Hope Rising 9/11 Bronze Monument Unveiling

Yesterday I had the opportunity/privilege to go to the unveiling of a sculpture called Hope Rising – To Lift a Nation which is modeled after the famous  photo in this post. The location of this heroic – sized (9 ft.) bronze monument? Sandy, Utah.  The sculptor is world-renowned Stan Watts who was granted permission to do so – even to the point of the permission of the firefighters in the photo.

This monument stands at the head of the original Healing Field near Sandy City Hall. http://www.healingfield.org/

The Healing Field contains an American flag for each of the victims of 9/11.  A section for each of the following:  Flight 93, Flight 77, Pentagon, Flight 175 and Flight 11 as well as all those in the World Trade Center. Each flag has a card with a card on it with the name of the victim and some personal information about each one.

Of course there were speeches by local politicians, US Air Force, fire officials – including one who spent time at Ground Zero assisting with the clean up and other notables. Frank Layden, former Utah Jazz coach, general manager and president who was raised in Brooklyn. Former NBA player Thurl “Big T” Bailey among others. Just prior to the unveiling 3000 white balloons were released into a beautiful blue September sky. Overhead an eagle circled. A Life Flight helicopter, swooped over the crowd, paused over the field of flags and dipped its nose in salute.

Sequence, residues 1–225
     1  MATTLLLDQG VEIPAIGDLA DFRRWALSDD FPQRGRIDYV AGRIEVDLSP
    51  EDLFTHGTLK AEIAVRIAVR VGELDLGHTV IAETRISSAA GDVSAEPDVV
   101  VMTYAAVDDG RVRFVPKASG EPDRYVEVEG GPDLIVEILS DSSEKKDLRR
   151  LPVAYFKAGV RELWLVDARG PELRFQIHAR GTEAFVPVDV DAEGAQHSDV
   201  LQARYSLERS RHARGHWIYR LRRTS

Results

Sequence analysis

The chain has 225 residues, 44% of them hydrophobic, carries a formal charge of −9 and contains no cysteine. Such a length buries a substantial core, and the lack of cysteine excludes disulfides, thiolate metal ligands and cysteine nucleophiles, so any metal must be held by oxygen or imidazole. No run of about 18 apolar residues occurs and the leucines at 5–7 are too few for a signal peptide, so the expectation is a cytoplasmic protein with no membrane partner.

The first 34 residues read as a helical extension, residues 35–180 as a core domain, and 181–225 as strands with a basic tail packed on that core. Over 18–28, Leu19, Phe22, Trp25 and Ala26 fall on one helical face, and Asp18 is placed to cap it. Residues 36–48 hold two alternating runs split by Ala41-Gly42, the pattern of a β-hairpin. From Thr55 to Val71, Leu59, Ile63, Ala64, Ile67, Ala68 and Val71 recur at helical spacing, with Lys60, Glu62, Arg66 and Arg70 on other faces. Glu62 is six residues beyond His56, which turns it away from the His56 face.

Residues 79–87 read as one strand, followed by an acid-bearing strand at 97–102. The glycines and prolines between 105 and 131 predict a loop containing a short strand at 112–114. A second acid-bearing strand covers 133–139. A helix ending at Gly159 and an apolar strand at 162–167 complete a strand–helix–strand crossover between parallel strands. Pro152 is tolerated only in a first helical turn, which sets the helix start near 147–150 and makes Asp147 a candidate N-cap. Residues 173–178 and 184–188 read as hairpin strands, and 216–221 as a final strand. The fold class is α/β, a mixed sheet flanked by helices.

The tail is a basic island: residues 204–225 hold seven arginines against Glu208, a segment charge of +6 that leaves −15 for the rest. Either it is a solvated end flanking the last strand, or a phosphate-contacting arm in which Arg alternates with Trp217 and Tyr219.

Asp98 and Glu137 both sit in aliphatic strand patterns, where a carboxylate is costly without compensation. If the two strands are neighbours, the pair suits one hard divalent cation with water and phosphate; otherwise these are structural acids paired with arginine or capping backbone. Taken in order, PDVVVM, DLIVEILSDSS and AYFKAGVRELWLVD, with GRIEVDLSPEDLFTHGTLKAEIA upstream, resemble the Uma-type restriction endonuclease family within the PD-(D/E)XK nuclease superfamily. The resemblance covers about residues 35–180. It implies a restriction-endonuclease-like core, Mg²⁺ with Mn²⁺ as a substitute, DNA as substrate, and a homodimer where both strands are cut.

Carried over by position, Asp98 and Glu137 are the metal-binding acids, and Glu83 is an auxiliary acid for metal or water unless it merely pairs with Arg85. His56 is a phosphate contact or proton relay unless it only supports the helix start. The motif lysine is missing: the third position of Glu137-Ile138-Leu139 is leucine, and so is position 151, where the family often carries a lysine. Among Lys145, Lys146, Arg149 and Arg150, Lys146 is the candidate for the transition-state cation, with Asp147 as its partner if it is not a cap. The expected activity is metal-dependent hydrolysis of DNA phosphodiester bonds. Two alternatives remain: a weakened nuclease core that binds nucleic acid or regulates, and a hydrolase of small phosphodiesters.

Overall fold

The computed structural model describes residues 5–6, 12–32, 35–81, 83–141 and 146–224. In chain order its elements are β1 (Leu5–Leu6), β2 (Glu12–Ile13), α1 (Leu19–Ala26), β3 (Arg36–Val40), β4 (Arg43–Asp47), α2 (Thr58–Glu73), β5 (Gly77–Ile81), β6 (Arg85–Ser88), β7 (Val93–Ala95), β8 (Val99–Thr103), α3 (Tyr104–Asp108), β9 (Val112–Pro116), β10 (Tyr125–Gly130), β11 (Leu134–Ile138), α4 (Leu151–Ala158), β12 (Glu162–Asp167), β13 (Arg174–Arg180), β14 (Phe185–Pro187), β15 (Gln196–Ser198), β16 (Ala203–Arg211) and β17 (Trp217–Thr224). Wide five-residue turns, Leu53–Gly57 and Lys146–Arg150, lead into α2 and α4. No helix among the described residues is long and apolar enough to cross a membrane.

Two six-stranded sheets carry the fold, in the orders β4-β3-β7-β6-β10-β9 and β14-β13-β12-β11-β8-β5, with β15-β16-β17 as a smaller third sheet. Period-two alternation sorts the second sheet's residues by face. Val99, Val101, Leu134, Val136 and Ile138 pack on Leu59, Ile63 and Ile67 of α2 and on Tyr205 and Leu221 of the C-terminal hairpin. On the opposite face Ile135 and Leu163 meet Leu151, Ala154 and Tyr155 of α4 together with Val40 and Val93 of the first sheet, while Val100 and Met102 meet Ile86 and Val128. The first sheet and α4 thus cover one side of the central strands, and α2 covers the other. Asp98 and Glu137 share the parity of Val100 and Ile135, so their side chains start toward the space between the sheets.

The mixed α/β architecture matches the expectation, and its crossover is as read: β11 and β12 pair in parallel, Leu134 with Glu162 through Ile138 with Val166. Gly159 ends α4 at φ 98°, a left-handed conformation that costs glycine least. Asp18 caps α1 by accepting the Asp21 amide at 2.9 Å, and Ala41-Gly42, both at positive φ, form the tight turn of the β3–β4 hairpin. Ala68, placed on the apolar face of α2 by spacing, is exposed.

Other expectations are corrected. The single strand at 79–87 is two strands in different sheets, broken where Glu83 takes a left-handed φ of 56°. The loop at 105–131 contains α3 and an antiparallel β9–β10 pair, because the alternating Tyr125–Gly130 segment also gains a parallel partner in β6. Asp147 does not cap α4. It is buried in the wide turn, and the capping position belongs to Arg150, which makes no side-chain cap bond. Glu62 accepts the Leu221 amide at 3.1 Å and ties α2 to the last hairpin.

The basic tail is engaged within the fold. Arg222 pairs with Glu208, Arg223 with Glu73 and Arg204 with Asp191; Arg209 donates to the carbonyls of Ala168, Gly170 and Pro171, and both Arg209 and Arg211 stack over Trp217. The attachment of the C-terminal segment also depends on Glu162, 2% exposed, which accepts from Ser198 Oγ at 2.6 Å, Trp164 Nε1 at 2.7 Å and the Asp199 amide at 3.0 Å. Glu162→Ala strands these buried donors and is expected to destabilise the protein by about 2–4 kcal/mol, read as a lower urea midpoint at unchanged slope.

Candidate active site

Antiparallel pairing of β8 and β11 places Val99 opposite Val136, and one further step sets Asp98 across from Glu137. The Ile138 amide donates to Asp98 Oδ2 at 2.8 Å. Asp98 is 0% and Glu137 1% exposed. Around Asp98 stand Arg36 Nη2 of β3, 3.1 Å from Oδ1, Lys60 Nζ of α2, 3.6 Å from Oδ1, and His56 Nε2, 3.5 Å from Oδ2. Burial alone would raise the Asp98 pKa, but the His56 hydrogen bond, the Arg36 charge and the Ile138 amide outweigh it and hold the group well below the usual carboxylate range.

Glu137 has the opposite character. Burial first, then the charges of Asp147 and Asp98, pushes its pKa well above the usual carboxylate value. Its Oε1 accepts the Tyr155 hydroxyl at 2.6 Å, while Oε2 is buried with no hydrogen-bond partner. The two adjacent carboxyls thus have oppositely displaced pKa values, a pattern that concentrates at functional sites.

There was a “Fire Ride” for local Harley riders – there were over 1000 bikers from Sandy to Ogden for the unveiling of another monument that will one day become the centerpiece of a larger America’s Fallen Firefighter Memorial that will include the names of firefighters who lost their lives in the line of duty. From stock Honda Gold Wings to custom choppers and everything in between. I spoke to a guy – a retired Provo Fire Department Captain, who had a gorgeous Harley Davidson Firefighter edition that he had added some custom touches to. Flames (“real fire flames”), a mural on the back of the saddlebags that depicted a firefighter holding a hose on the left bag and on the right in full fire gear walking away with “Jolley” and PFD on his fire coat on the right bag. The saddlebags also had faint American flags on the sides of the saddlebags.  He had also added a plate on the tank that had all 343 firefighters names that perished that day. I am sure I am missing some things, but that isn’t the point.